Browsing by Subject "polyunsaturated fatty acids"

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  • Peltomaa, Elina; Hällfors, Heidi; Taipale, Sami J. (2019)
    Recent studies have clearly shown the importance of omega-3 (-3) and omega-6 (-6) polyunsaturated fatty acids (PUFAs) for human and animal health. The long-chain eicosapentaenoic acid (EPA; 20:5-3) and docosahexaenoic acid (DHA; 22:6-3) are especially recognized for their nutritional value, and ability to alleviate many diseases in humans. So far, fish oil has been the main human source of EPA and DHA, but alternative sources are needed to satisfy the growing need for them. Therefore, we compared a fatty acid profile and content of 10 diatoms and seven dinoflagellates originating from marine, brackish and freshwater habitats. These two phytoplankton groups were chosen since they are excellent producers of EPA and DHA in aquatic food webs. Multivariate analysis revealed that, whereas the phytoplankton group (46%) explained most of the differences in the fatty acid profiles, habitat (31%) together with phytoplankton group (24%) explained differences in the fatty acid contents. In both diatoms and dinoflagellates, the total fatty acid concentrations and the -3 and -6 PUFAs were markedly higher in freshwater than in brackish or marine strains. Our results show that, even though the fatty acid profiles are genetically ordered, the fatty acid contents may vary greatly by habitat and affect the -3 and -6 availability in food webs.
  • Peltomaa, Elina; Johnson, Matthew D.; Taipale, Sami J. (2018)
    Microalgae have the ability to synthetize many compounds, some of which have been recognized as a source of functional ingredients for nutraceuticals with positive health effects. One well-known example is the long-chain polyunsaturated fatty acids (PUFAs), which are essential for human nutrition. Eicosapentaenoic acid (EPA) and docosahexaenoic acid (DHA) are the two most important long-chain omega-3 (-3) PUFAs involved in human physiology, and both industries are almost exclusively based on microalgae. In addition, algae produce phytosterols that reduce serum cholesterol. Here we determined the growth rates, biomass yields, PUFA and sterol content, and daily gain of eight strains of marine cryptophytes. The maximal growth rates of the cryptophytes varied between 0.34-0.70 divisions day(-1), which is relatively good in relation to previously screened algal taxa. The studied cryptophytes were extremely rich in -3 PUFAs, especially in EPA and DHA (range 5.8-12.5 and 0.8-6.1 mu g mg dry weight(-1), respectively), but their sterol concentrations were low. Among the studied strains, Storeatula major was superior in PUFA production, and it also produces all PUFAs, i.e., -linolenic acid (ALA), stearidonic acid (SDA), EPA, and DHA, which is rare in phytoplankton in general. We conclude that marine cryptophytes are a good alternative for the ecologically sustainable and profitable production of health-promoting lipids.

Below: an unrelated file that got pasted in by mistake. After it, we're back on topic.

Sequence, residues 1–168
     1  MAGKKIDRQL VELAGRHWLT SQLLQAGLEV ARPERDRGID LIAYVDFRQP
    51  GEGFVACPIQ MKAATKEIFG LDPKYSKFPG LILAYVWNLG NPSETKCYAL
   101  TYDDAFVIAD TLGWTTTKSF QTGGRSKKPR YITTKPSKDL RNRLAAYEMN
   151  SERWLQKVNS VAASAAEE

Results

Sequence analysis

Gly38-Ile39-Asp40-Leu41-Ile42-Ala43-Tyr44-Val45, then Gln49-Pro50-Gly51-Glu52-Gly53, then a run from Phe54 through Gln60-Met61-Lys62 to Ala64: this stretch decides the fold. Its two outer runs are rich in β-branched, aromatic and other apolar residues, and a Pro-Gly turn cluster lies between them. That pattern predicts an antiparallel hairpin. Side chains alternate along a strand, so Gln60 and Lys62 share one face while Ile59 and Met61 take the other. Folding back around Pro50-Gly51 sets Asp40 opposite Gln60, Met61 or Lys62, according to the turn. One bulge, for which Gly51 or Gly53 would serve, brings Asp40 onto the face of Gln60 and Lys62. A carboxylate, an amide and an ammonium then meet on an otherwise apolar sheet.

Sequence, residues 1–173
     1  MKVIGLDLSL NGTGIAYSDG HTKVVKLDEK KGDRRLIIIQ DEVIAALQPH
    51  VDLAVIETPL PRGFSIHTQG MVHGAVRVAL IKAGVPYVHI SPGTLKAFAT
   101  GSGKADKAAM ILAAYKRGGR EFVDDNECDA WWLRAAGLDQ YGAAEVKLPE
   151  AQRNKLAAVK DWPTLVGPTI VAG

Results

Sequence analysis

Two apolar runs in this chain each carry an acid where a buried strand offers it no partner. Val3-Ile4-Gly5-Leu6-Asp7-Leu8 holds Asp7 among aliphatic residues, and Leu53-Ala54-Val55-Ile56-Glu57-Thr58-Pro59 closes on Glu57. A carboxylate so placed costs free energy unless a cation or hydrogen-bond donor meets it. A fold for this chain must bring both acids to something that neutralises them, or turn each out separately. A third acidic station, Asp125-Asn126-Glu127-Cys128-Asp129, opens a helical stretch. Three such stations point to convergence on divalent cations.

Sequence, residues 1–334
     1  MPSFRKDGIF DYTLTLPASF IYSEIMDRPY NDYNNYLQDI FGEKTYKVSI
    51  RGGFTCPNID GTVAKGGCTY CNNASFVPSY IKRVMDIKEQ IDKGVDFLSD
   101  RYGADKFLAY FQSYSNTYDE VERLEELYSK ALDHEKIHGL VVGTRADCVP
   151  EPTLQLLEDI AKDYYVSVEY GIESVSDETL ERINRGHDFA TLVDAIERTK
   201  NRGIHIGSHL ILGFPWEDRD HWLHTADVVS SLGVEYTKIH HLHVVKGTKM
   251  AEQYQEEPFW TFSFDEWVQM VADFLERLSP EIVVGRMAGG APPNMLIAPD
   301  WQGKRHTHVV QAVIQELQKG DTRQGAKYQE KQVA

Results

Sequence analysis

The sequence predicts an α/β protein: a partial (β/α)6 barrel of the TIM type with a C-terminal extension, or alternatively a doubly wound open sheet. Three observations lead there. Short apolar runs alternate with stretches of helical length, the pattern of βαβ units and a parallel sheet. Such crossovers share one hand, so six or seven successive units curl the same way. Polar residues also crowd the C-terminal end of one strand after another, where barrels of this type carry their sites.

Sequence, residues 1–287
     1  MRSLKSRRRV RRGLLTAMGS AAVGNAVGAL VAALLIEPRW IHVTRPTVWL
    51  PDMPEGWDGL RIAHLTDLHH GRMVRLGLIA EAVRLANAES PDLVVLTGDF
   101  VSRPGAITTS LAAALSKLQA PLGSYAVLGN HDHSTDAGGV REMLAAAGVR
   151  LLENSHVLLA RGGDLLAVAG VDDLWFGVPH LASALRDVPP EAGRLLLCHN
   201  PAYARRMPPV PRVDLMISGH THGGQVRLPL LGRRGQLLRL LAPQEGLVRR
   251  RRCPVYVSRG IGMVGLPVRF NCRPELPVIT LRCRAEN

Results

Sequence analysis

• Taipale, Sami J.; Kers, Erwin; Peltomaa, Elina; Loehr, John; Kainz, Martin J. (2021)